In Chichewa “‘jealousy’ very commonly includes a prominent sexual component” so the solution there was to translated “(a God) who does not allow competition with me” (source: Wendland 1987, p. 127) and in Chamula Tzotzil it is not appropriate to use the usual word for jealousy of humans in relation to God when translating the Hebrew term that is translated as “jealous” in English versions. Here “I get angry with those who go with others” is used (source: Robert Bascom).

horn of salvation, mighty savior

The Hebrew and Greek that is translated literally as “horn of salvation” and more idiomatically as “mighty savior” in some English versions is translated along those lines in many languages as well. In Uab Meto, however the term for “horn” is also used metaphorically for “hero” and in Balinese the term for “tusk,” which suggests “champion/hero” (source: Reiling / Swellengrebel).

In Uma, it is translated as “a powerful War chief who brings salvation” and in Una as “a very powerful Person to us who will rescue people” (source: Dick Kroneman).

In Chichewa (interconfessional translation, 1999) it is translated as “our mighty Saviour.” Ernst Wendland (1998, p. 155f.) explains: “A literal rendering of the Greek ‘horn of salvation’ causes real problems in Chichewa due to the strong association that an animal ‘horn’ has with the local practice of sorcery (e.g. a ‘sorcerer’ is referred to as wanyanga ‘person of a horn’). Since the horn was a symbol of strength in biblical times, [we] translatedr this metonym as ‘our mighty Saviour.'” Likewise, in Elhomwe it is translated as “powerful savior.” (Source: project-specific translation notes in Paratext)

Rahab (Psalm 89:10 et al.)

The Hebrew that is translated in English as “Rahab” is translated in the interconfessional Chichewa translation (publ. 1999) as chilombo cha m’nyanja or “beast of the sea.” (Source: Wendland 1998, p. 96)

sycamore, sycomore

The Hebrew and Greek that is translated as “sycamore” in English is translated in Chichewa as mkuyu or “fig tree.” (Source: Wendland 1987, p. 72)

Note that the tree referred to in these instances is the “Sycomore Fig (Ficus sycomorus), also called the “Mulberry Fig” (compare German Maulbeerfeigenbaum), is a type of fig that is found especially in low-land areas in the Mediterranean region. It was known in Egypt as early as 3000 B.C. but also in the Indus Valley in India. (…) The sycomore fig is not a tall tree (up to 10 meters [33 feet]) but has large low, spreading branches.” (Source: Koops 2012, p. 67)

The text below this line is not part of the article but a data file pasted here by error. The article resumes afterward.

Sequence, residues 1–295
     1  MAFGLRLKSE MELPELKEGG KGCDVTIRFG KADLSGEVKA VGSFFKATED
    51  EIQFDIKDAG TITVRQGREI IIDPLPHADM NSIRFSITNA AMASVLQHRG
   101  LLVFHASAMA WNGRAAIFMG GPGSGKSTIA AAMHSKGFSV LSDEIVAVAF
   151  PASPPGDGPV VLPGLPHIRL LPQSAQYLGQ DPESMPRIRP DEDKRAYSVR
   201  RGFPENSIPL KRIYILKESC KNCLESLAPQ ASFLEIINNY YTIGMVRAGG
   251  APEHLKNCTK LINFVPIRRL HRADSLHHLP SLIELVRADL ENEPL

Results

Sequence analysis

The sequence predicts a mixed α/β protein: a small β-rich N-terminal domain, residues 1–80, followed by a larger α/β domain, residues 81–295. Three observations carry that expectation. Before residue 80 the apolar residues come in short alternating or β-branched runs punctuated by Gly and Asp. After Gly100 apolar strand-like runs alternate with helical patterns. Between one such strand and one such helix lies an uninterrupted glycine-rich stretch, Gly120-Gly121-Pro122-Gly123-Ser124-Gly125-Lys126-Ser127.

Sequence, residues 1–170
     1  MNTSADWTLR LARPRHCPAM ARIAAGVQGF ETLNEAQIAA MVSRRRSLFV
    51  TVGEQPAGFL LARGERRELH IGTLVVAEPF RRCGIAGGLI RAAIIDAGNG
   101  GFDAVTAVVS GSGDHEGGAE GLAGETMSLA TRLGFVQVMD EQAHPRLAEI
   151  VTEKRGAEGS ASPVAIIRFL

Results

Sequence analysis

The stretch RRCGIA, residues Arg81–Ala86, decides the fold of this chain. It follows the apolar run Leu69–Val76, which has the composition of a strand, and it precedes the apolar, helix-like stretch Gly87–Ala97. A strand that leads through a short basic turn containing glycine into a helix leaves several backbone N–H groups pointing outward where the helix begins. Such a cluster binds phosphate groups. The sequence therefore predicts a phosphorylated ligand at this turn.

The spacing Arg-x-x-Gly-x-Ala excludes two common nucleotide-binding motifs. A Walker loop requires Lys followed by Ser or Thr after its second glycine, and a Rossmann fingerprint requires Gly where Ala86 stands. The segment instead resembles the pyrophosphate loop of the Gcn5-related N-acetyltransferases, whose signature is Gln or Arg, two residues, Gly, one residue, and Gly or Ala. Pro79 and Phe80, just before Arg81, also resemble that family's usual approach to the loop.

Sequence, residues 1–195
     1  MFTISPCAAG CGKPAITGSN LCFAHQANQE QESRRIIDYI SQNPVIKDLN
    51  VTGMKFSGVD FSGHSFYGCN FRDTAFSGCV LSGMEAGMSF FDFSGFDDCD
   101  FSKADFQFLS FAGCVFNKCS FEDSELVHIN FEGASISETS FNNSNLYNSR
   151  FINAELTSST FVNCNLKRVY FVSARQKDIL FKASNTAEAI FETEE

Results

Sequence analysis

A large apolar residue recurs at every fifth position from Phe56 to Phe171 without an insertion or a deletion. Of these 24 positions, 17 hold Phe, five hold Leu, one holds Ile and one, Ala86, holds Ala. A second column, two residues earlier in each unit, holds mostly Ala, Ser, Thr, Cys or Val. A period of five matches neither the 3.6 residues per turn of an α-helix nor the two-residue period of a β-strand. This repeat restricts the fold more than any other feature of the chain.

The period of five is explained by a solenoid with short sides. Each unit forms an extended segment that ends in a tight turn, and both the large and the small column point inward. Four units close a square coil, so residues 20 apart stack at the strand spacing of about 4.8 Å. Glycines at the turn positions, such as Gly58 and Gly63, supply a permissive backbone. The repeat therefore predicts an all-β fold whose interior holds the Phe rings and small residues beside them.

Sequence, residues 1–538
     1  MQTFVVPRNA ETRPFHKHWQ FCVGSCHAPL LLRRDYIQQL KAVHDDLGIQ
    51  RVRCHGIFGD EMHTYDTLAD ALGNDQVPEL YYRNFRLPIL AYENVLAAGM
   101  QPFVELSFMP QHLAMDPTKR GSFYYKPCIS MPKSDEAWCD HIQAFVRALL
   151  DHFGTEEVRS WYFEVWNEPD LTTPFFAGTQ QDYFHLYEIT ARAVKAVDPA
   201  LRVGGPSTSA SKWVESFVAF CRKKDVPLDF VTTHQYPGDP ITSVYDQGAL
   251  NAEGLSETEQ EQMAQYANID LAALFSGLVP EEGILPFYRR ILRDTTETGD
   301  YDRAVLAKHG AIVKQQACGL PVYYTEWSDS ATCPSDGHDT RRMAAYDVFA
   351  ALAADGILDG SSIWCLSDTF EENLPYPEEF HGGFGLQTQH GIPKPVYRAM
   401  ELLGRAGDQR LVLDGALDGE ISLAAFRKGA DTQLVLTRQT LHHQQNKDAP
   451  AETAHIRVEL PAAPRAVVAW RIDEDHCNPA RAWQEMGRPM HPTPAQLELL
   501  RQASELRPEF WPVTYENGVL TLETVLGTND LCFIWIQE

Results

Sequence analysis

curse you to your face

The Hebrew that is translated as “curse you to your face” in English is translated in the Chichewa Buku Lopatulika translation (publ. 2018) with pamaso panu or “in your eyes,” i.e. publicly. (Source: project-specific translation notes in Paratext)

land flowing with milk and honey

The phrase that is rendered in English versions as “land flowing with milk and honey” is translated into Afar as niqmatak tan baaxoy buqre kee lacah meqehiyya: “a blessed land good for fields and cattle.” (Source: Loren Bliese)

In the interconfessional Chichewa translation (publ. 1999) it is translated with the existing proverb dziko lamwanaalirenji or “a land of what (type of food) can the child cry for?” (i.e. there is more than enough to eat). (Source: Ernst Wendland in The Bible Translator 1981, p. 107 )

In Kwere it is “good/fertile land.” (Pioneer Bible Translators, project-specific translation notes in Paratext)

Learn more on Bible Odyssey: Milk and Honey in Ancient Israel .

no dealings

The phrase that is translated in English translations as “for Jews do not share things in common with Samaritans” or similar is translated into Mono is translated as “It is taboo for you people to drink from our buckets.” (Source: Carl Gross)

In Telugu the more unspecific “have no dealings” rendering was used since even members of the same family do not use each other’s dishes. (Source: David Clark)

In Chitonga it is translated with the existing idiom “(Jews and Samaritans) do not step on each other’s toes” and in Chichewa (interconfessional translation) as “(do not) look one another in the eyes.” (Source: Wendland 1987, p. 130)